It's time to talk Turkey.
With Thanksgiving now roughly ten days away, it is almost winter holiday-time when we spend quality moments with our friends, relatives and loved-ones. And to prepare everyone with the right spirit, on Thursday November 21, we're serving up some of the most recognized political-turkey-talk with punch.
It’s Louisiana primary elections 2019, Politics with a Punch time.
Elections are less than two weeks away. Early voting is upon us. Yard signs are out. Our politicians are knocking upon our doors. Our political antennas are piqued. We’re getting political come-ons on our cellphones, appeals in our emails and a barrage of negative ads on our TV’s, tablets and smartphones.
Remember the days when candidates for U.S Senator or Governor would speak to thousands of supporters at weekend rallies all over Louisiana? Huey Long was the master, mainly because he promised he’d give voters just about anything they wanted. A long line of colorful politicians followed in Huey’s wake. But those days seem to be long gone and forgotten.
I have a sad announcement to make. Politics is just no fun anymore in Louisiana.
Reams of books have been written about the colorful characters that ran the Bayou state throughout its history. And the average citizen got involved, attended rallies and actively supported their candidate of choice. Few states could match the intensity and enthusiasm that was a part of Louisiana campaigning. The state’s two favorite pastimes were LSU football and Politics.
In 1999, I launched a career on radio and television, and started writing regular political columns. A frequent guest on my programs was Steve Sabludowsky, attorney and founder of Bayoubuzz.com. While we disagreed on some issues, we both agreed that there was a need for much more political humor in our state.
In Louisiana, our politicians, usually unwittingly, regularly provide plenty of comic material. Thus, along with our friend Betsie Gambel, we started Politics with a Punch, Louisiana’s version of Politically Incorrect. While the old show with Bill Maher is long gone, our program is still rolling along. Tomorrow night, we will be celebrating our 17th anniversary at the Eiffel Society, 2040 St. Charles Avenue.
According to several watchdog organizations, Louisiana has one of the worst judicial climates in the country. The state has been given the dubious title of the nation’s judicial hellhole by several neutral watchdog groups. Campaign funds given to a judicial candidate are often cited as possibly influencing future judicial decisions. Some are advocating the appointment of judges in order to do away with the pressure on judicial candidates to raise campaign contributions. So is this the solution? Is appointing rather than electing judges the way to go in Louisiana?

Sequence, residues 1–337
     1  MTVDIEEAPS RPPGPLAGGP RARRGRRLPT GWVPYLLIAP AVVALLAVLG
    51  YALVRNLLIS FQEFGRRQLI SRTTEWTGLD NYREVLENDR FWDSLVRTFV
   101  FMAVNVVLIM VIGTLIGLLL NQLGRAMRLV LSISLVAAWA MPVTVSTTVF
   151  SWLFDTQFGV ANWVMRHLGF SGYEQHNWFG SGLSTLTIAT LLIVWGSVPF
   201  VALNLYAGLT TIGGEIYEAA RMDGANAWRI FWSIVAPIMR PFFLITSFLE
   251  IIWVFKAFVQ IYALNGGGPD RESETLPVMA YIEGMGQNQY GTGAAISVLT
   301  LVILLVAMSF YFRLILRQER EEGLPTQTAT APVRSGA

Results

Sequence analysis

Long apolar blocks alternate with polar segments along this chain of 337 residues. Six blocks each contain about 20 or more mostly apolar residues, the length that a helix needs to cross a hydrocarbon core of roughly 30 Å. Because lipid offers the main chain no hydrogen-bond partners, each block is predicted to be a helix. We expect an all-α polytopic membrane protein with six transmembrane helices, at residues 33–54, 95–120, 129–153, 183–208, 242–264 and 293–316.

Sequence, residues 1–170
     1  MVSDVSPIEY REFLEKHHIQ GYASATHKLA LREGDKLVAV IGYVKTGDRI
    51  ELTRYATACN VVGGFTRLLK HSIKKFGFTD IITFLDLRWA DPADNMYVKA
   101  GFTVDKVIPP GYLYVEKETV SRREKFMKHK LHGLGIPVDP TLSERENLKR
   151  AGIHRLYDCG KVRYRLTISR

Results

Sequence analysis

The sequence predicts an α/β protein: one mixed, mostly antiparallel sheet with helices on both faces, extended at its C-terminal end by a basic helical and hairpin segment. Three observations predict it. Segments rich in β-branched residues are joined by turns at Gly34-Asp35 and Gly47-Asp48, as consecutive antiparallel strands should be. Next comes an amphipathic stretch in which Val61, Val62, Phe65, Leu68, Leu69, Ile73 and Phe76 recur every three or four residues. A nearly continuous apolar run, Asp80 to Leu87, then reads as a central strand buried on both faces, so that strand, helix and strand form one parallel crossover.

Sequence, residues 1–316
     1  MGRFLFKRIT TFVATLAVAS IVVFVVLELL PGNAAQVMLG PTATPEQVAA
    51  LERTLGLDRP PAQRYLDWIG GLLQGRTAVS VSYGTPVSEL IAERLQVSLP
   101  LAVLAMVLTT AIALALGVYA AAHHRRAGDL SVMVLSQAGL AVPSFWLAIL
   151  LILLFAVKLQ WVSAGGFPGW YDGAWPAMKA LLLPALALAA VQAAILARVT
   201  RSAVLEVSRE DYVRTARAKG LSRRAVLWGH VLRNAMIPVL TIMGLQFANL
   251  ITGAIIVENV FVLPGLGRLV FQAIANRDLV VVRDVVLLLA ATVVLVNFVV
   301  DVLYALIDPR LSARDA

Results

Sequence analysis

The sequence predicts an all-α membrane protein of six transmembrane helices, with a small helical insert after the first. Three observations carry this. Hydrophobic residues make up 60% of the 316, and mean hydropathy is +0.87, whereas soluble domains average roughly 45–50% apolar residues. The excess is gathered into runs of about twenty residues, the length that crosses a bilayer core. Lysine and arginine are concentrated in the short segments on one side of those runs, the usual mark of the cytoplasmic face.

Presidential election season has kicked off earlier than usual with new democrat candidates appearing almost daily. Fourteen announced candidates so far with others like former Vice President Joe Biden waiting in the wings. The President is unopposed for now, but anti-Trump forces are searching for several good candidates. So how relevant is Louisiana to the presidential primary process? Not much. But that could change.
According to Pollster and political analyst John M. Couvillon of JMC Polling and Analytics, early voting in America and yes, in Louisiana, has been a smash hit.
In this state, the early voting, (mail and in person) broke all prior records for non-presidential races. It did surpass the 2008 Obama-McCain presidential count. What makes this remarkable is the very fact that the top of the ticket is just a Secretary of State race, not a US Senate conflict or Governor’s race.
Remember the 1970 song by Chicago; “Does anybody know what time it is, does anybody really care?” Well it’s close to Election Day in Louisiana, and it would seem by early voting projections and general lack of interest that Louisianans are not holding their breath to cast their ballot. Why the lack of attention to an event that affects the future of the state and the entire nation? There are a number of reasons.
A few minutes ago, I browsed through my email box as I do frequently. Unfortunately, this time, I saw a heading that I should have known was coming.
It was from Jeffrey Sadow, a political science professor. The email said, “Lou Gehrig Burnett, 1941-2018”.